Decisions: should you act now or sleep on it?
August 28, 2019 / Productivity / Greg Atkinson
We all have decisions to make daily, regardless of our seniority within an organisation or community. Our decision making paths are deeply personal, but most decisions have positive and negative ramifications for others, as well. Quick decisions let others move faster, but considered decisions can lead to better long-term outcomes. So, when you have a decision to make, should you act quickly or take your time?
The benefits of acting quickly:
1) Get more done
In a recent Mckinsey & Company study, respondents said they spent all day making decisions. If this feels familiar, then you may not feel you can procrastinate. Waiting could put your organisation’s growth at risk.
2) Eliminate bottlenecks
No individual or team likes to wait for others, or have to chase for input. A culture of fast decision making can make everyone happier and more productive.
3) To win, be quick
Mckinsey also found that of the companies who excelled at decision making, the winners make good decisions fast, execute them quickly, and see higher growth rates and/or overall returns from their decisions.
4) Maintain your competitive edge
We live in a world where competitive advantage lasts 5 minutes. Blink, and you have missed an opportunity. Accordingly, fast and roughly right decision making may be better than precise but slow deliberation.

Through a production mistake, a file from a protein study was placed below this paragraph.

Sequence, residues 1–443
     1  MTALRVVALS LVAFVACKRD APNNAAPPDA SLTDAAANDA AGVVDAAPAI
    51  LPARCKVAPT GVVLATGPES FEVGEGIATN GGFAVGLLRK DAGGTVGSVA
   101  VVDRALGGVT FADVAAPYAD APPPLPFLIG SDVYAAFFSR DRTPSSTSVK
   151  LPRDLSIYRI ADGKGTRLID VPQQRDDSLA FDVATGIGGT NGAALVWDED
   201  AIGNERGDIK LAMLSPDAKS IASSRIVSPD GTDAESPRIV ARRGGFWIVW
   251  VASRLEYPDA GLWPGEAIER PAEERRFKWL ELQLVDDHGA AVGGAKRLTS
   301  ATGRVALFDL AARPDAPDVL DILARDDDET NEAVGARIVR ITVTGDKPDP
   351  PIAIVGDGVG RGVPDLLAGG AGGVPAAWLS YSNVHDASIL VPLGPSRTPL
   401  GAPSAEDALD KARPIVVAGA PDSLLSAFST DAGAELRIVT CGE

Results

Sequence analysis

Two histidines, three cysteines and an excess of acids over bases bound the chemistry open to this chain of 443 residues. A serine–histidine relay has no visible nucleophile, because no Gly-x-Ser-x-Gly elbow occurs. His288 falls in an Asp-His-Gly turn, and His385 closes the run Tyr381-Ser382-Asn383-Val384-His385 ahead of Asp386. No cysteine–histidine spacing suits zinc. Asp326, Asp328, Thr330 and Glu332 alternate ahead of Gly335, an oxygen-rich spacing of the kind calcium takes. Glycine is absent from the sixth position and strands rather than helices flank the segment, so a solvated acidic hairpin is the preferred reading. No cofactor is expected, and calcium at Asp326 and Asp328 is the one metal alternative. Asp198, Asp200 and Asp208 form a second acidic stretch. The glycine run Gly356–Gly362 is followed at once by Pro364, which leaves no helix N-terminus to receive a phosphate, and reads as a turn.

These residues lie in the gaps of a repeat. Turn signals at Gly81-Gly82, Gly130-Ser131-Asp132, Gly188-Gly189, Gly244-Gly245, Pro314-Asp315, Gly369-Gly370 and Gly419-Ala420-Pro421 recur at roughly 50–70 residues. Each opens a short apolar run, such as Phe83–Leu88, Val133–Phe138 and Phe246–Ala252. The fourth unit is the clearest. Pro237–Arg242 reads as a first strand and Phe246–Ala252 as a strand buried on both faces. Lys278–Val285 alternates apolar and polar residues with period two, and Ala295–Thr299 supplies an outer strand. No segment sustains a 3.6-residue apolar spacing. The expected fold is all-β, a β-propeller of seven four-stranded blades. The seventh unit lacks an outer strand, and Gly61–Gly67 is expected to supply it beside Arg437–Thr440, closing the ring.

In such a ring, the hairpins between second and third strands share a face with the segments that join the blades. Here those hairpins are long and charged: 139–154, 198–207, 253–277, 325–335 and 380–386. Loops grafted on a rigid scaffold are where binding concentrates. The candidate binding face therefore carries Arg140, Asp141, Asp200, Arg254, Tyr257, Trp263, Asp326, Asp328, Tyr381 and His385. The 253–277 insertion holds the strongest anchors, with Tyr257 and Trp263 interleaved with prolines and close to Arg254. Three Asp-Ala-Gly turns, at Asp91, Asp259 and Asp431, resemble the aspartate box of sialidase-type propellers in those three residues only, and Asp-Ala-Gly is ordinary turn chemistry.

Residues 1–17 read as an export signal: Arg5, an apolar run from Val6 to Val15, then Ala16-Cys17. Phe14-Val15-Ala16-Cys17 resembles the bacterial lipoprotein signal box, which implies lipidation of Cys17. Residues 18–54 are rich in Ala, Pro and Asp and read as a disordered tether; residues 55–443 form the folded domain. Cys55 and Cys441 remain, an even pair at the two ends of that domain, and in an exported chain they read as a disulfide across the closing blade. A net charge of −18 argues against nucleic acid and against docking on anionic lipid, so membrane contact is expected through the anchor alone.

The benefits of taking your time:
1) Avoid ‘fight or flight’ mode
Big decisions often come hand in hand with feelings of insecurity and anxiety. When feeling like this, we tend to either ‘fight or flight’. While these are instinctive reactions, they can lead to sub-optimum results for us and others. Take time to calm yourself and come with a fresh perspective.
2) Rest makes the right call easier
A recent experiment simulated how insufficient sleep impacts decision making. Twenty-six individuals took part, half of the participants were deprived of sleep and half had normal sleep cycles. Over 6 days, they conducted specially designed reversal learning tasks to test their ability to use feedback to guide future decisions. The sleep-deprived individuals tried to make the right decision, but their sleeplessness created neural short-circuits that prevented them from making the right choice. Rest is critical to functioning.
3) Two heads are better than one
You are surrounded by skilled individuals who can help you make the right choice.
4) Time can yield information
By not rushing we have a chance to recall, uncover or be presented with new information. While you can’t wait forever, time allows research to ensure you have all the facts.
The devil is in the details. Focus on the quality of the decision first. A high-quality decision can be made quickly or slowly, but a faster decision of high quality is always better than a slower decision of any quality.
N.B. Kalido can connect you with skilled individuals in your community or enterprise who can input all of your decision